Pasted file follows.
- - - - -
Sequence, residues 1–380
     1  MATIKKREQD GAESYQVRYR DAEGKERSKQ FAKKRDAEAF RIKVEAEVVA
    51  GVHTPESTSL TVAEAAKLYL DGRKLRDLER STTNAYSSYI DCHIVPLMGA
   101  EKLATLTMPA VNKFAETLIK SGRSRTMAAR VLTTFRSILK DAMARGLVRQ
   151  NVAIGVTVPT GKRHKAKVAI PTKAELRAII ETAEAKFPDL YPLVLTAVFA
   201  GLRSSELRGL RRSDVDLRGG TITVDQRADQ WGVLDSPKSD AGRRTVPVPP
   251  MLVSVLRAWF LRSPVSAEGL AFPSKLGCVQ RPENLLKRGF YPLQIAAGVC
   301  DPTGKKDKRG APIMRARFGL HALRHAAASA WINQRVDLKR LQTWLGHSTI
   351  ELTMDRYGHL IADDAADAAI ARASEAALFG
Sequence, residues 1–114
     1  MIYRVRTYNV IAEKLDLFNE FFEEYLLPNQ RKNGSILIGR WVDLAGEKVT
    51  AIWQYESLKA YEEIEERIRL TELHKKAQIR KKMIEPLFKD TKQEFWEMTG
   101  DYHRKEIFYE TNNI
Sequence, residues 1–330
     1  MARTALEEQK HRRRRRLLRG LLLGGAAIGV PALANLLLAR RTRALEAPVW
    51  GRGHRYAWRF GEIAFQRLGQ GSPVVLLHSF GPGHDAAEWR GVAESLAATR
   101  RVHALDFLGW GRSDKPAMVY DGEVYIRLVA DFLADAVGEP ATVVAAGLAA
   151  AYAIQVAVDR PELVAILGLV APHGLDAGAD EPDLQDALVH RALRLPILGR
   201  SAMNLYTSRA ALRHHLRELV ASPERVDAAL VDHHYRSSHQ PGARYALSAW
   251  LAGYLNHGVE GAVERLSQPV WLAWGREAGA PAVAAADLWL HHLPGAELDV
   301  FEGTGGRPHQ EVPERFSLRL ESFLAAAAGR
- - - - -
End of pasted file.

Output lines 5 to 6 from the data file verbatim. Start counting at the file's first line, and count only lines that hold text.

   151  NVAIGVTVPT GKRHKAKVAI PTKAELRAII ETAEAKFPDL YPLVLTAVFA
   201  GLRSSELRGL RRSDVDLRGG TITVDQRADQ WGVLDSPKSD AGRRTVPVPP